I’m reading this at the moment:
and I say AMEN to his critique of our obsession with numbers as the only measure of success in church life. We need to remember, as Mark Yaconelli pointed out, that Jesus only discipled 12 people, and one of them handed him over to be killed and another pretended he didn't know who Jesus was. In the end he died alone because they all ran off. This is true gospel success.
So here's a challenge to my youth ministry friends: try to stop using numbers when you talk about your work. It's very difficult because even if you can stop yourself it's very difficult when that's the only question other people ask you about what you do. And the next hard step is to stop asking your youth ministry friends how many come to their groups.
This is something I’ve been trying to do for a while and I have found it very difficult. That in itself is interesting. What is it in me that wants to boast of bigger? When someone does it to me I feel belittled and inadequate, or superior and puffed up, so why do I want to do that to someone else? And why do I speak about my ministry as God’s work, but if I have a big number to boast of, suddenly feel like it’s because of my own ability as a youth minister? It’s also very challenging when you talk to another youth minister and they ask “So how many do you get to that club” to look them in the eye and say “a good crowd” or “Some nice young people”. Why does refusing to say a number feel like such a subversive act? Maybe youth workers should practice it as a Lenten discipline.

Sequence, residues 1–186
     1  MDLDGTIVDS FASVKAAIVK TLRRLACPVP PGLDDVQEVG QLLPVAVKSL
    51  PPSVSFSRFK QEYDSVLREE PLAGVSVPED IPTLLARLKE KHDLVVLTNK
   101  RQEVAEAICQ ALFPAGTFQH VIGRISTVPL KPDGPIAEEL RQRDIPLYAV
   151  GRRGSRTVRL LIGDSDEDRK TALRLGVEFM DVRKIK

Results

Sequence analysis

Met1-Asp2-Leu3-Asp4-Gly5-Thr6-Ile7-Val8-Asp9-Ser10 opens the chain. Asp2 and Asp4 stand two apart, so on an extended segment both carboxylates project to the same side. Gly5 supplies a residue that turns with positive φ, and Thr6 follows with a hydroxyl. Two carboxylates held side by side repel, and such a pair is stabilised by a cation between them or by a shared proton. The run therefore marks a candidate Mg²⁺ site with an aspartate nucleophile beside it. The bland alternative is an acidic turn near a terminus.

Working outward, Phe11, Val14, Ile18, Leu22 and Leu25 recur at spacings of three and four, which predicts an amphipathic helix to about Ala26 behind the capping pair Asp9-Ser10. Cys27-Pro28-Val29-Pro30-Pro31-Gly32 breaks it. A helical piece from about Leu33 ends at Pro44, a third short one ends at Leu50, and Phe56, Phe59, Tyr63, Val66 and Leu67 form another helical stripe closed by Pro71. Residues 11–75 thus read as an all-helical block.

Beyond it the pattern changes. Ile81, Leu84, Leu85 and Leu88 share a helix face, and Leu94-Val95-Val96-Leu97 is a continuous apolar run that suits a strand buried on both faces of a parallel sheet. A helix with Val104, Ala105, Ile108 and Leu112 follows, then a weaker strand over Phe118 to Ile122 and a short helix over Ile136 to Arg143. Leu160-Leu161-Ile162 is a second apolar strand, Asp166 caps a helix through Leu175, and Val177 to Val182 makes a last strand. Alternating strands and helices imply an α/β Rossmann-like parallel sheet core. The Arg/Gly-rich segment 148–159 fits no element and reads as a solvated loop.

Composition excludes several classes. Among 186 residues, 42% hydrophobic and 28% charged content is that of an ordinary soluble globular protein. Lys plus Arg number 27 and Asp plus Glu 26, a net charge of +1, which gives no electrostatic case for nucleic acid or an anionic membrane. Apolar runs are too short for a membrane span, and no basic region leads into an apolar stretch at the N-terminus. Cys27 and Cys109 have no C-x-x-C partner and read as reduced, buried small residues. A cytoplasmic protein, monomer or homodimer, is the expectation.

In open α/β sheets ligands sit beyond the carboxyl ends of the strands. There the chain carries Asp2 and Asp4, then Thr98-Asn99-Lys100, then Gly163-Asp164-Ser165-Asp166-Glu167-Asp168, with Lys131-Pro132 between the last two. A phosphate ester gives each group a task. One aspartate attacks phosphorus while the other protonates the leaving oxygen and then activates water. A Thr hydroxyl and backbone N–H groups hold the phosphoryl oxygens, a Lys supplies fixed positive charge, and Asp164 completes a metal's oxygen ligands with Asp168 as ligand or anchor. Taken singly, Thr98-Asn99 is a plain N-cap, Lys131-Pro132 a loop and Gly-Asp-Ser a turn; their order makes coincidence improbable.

Stackhouse argues that it’s a product of revivalist theology (he makes a very good argument; I would urge you to read the book). I agree with his thinking, but would also add for youth ministers two more pressures. Firstly, the secular model of youth work that demands quantitative data about youth work, rather than thinking about quality, has filtered into Christian youth ministry, particularly those of us who are professionally qualified and paid by churches. And that’s the second pressure; churches who see the youth minister’s job as filling the church, so who look for the proverbial “bums on seats” rather than the quality of discipleship, who see their youth worker lurking in coffee shops rather than herding great crowds of young people through the baptismal pool, and wonder if they are getting value for money.
It seems to me that that the numbers game, however it arises, is based on shaky ideas of what christian faith is, and more importantly, who young people and youth workers are. Fundamentally a young person, or a youth worker, is created in the image of God, and therefore is a unique, individual creation. When what is done with, to, for, or at this young person is looked at through a lens of numerical success, this image is distorted, because they become an object to be counted, not a person to be related to. This is why Jesus was so subversive; he wouldn’t conform to the pressure to achieve success. Every time it was offered to him he turned away from it. The story of his temptation that we reflect on during Lent is an example of this. If Jesus was a youth worker today, the Devil would say to him, “Bow down to me and I’ll give you a really big youth group”. Instead he prioritised people as individuals, meeting them in their need, sharing their pain and challenging them to a life of discipleship. This kind of work happens at meal tables, in coffee shops, walking along together, in sitting rooms, not in vast crowds where nobody knows anybody, but somebody knows the numbers.